Friday, 19 March 2010


As a footnote to my recent post on Tadeusz Filochowski, here is a little detail on his shipwreck on the way to England.

392 of 1346 people on board the unescorted Empress of Canada died when the Italian submarine Leonardo da Vinci struck, around midnight on 13th March 1943, many of them were taken by sharks.  The engines and generators stopped and the ship listed heavily to the port (left) side, meaning that only the lifeboats on one side could be launched and many were left clinging to wreckage.

On the fourth day in the water, their SOS was answered by the passenger ship Corinthia, two naval corvettes and the Royal Navy destroyer HMS Boreas.  The survivors were picked up and taken to Takoradi, Gold Coast (now Ghana) and Freetown, Sierra Leone from where they continued their journey to England.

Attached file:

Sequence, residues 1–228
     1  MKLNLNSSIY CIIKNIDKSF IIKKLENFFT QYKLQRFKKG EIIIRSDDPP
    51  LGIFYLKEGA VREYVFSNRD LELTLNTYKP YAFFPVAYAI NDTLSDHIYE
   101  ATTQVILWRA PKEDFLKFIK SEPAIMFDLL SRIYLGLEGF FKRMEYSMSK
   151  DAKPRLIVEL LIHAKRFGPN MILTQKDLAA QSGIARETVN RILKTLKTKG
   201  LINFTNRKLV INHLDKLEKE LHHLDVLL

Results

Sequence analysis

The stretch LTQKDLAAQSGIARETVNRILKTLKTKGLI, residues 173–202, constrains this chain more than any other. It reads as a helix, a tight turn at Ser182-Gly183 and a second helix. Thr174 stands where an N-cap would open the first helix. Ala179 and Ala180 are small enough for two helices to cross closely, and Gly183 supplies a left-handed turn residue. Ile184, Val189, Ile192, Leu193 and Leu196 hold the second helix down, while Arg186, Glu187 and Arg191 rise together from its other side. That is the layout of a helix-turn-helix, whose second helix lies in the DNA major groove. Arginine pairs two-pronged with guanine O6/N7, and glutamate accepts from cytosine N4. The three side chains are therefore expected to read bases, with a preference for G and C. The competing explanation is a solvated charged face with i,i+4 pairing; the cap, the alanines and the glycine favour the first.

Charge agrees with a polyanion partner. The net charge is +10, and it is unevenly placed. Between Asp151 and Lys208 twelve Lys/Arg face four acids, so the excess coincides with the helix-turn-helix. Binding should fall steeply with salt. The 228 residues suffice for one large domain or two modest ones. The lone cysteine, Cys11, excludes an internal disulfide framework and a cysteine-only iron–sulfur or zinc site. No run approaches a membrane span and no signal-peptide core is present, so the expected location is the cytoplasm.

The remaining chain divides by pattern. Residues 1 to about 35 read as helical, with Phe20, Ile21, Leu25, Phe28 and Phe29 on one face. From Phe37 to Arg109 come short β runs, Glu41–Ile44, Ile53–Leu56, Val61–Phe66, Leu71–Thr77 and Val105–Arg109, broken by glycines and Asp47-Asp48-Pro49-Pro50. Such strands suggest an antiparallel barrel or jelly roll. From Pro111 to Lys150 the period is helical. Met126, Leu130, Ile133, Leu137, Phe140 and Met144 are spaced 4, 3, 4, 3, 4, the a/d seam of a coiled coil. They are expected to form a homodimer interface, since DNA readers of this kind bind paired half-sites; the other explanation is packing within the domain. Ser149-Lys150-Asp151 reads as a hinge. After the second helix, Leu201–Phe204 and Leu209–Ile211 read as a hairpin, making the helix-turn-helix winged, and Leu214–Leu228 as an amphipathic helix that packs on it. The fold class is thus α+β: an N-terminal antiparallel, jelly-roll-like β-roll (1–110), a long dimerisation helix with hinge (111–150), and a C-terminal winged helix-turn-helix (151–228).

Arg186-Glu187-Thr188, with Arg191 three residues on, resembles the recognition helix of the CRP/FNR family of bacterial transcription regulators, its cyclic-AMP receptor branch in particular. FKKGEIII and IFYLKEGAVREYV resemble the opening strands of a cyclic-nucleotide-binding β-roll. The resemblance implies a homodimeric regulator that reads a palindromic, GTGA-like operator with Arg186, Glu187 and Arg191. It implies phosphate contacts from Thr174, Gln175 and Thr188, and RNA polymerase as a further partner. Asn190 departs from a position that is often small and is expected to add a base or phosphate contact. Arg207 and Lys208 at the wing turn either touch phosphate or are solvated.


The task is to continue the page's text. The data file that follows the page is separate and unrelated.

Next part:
The Leonardo da Vinci was Italy’s most successful submarine; commanded by Lt Gianfranco Gazzana- Prioroggia but it was sunk with all hands just twelve weeks later after an intense depth charge barrage by the Royal Navy destroyer HMS Active and the Royal Navy frigate Ness, 300 miles west of Vigo, Spain.  Ironically, about half of the casualties on the Empress of Canada were Italian POWs.

There is a story (as far as I know unsubstantiated) that the Harbour Master of Cape Town, South Africa was giving or selling information on shipping movements to the Axis powers.

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